Unbuilt Monuments

March 20, 2000 to May 13, 2000

The vast majority of an architect's projects remain on paper, and some of the field's most ambitious and visionary works have never been realized. Unbuilt Monuments will present six famous never constructed architectural marvels in hyperrealistic computer graphics. The work is a project of Massachusetts Institute of Technology Professor Takehiko Nagakura, PhD, and the MIT ARC group.

Nagakura and his collaborators studied a series of unrealized structures and rendered them in photographic verisimilitude. Each project begins with a thorough study of the structure's original design. Often, Nagakura's team must interpret where details and material specifications are undocumented or unclear. Using sophisticated computer graphics programs, they then simulate the effect of light and materials in space. "We use the same technology that Hollywood does for its special effects," Nagakura explained in Metropolis magazine last June. "Short of building, computer graphics is the only way of getting close to the real sensation of spatial experience. The final result is often much different than even I had imagined."

Unbuilt Monuments features the six structures that Nagakura and his team have "re-created" to date: the Monument to the Third International (1919); Vladimir Tatlin's colossal tower celebrating the Russian Revolution; Le Corbusier's competition entry for the Palace of the Soviets, 1931; Ludwig Mies van der Rohe's Court House with Curved Wall Elements (1930s); Danteum (1938) by Giuseppe Terragni and Pietro Lingeri, which is a museum and library devoted to Dante that comprises three ascending areas: hell, purgatory and heaven; the Drive-in House (1968), adapted from the work of Archigram member Michael Webb; and Firminy Church (1970) by Le Corbusier with Jose Oubrerie. The exhibition includes a computer-animated video and 30 still images.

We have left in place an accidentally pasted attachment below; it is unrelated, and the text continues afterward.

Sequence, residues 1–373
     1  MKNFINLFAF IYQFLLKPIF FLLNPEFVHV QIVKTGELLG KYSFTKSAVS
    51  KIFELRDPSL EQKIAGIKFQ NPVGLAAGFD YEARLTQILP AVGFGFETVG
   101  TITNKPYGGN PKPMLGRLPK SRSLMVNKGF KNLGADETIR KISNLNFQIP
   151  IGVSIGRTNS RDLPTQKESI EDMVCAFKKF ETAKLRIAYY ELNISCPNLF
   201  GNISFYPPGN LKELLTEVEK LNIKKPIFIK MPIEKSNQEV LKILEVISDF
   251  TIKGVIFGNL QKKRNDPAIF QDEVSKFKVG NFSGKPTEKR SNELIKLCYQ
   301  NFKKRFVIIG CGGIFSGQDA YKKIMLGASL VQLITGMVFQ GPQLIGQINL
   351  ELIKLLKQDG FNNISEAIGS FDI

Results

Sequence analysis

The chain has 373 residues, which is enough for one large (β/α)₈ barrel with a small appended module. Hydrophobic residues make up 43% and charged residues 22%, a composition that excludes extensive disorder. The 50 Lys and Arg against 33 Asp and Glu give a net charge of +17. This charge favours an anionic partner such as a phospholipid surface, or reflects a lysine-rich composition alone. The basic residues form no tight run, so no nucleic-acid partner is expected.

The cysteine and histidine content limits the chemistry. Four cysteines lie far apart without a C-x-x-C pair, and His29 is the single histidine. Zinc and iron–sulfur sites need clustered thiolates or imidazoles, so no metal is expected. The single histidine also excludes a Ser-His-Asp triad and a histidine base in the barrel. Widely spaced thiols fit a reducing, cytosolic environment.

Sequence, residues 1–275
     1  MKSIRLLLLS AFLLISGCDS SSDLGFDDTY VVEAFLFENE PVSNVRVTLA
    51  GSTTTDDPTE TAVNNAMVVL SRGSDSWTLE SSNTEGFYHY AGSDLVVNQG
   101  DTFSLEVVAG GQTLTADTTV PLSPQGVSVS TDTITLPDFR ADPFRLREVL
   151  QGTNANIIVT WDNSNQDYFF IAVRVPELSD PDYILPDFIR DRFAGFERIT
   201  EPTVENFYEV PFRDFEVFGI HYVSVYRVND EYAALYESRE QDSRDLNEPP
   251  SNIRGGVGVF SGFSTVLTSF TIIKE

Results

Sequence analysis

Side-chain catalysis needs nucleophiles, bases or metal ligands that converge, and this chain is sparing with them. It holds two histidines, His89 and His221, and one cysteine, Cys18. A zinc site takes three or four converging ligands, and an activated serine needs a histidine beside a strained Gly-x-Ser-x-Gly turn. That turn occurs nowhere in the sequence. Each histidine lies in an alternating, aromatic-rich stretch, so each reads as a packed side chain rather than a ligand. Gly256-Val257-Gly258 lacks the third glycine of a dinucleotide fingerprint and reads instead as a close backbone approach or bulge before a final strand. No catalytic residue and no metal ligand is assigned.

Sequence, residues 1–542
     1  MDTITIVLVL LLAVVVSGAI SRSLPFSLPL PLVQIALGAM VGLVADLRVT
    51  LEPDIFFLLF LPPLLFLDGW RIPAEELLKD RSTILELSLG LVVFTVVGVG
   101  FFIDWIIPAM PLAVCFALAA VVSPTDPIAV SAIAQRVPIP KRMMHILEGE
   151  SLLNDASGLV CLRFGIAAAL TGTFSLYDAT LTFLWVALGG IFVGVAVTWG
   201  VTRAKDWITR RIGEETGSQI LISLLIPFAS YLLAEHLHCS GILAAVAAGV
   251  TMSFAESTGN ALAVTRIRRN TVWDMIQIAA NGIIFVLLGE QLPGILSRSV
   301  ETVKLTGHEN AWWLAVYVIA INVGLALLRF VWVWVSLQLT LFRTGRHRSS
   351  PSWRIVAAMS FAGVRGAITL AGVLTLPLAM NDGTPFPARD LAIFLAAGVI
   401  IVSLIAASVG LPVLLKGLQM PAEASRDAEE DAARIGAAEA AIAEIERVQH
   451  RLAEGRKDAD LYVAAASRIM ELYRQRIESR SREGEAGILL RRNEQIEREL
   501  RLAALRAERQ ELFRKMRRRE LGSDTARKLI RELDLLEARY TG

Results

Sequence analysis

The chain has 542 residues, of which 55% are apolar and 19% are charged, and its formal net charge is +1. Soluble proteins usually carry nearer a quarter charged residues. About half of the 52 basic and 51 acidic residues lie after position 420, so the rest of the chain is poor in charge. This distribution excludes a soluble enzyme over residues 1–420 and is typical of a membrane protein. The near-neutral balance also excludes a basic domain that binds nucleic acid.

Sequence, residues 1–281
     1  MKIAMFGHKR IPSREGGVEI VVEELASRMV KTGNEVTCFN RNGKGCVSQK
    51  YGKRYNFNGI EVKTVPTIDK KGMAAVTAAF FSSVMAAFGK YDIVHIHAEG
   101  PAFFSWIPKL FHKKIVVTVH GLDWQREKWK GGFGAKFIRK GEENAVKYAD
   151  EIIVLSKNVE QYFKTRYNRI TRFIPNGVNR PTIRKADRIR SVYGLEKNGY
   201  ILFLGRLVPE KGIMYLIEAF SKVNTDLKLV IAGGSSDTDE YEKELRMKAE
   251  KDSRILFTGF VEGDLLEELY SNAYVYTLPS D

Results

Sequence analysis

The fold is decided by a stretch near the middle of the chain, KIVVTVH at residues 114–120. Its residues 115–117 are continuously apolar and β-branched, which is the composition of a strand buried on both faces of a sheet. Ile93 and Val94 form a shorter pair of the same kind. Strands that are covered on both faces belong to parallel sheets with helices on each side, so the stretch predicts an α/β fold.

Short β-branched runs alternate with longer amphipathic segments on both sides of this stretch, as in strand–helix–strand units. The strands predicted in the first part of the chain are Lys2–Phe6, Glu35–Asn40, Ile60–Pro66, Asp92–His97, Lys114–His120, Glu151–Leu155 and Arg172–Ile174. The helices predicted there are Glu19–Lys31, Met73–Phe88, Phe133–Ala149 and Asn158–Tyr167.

Born in Japan, Nagakura is currently an associate professor in the School of Architecture and Planning at the Massachusetts Institute of Technology. He holds a master of architecture from Harvard University and a master of engineering in architecture from Tokyo University. In 1996 he earned a doctorate in architecture from Harvard University. Several Unbuilt Monuments creations were included in the At the End of the Century exhibition on display at the Museum of Contemporary Art in Tokyo in 1998 and the Ludwig Museum in Cologne, Germany, in 1999. The exhibition was organized by the Museum of Contemporary Art in Los Angeles.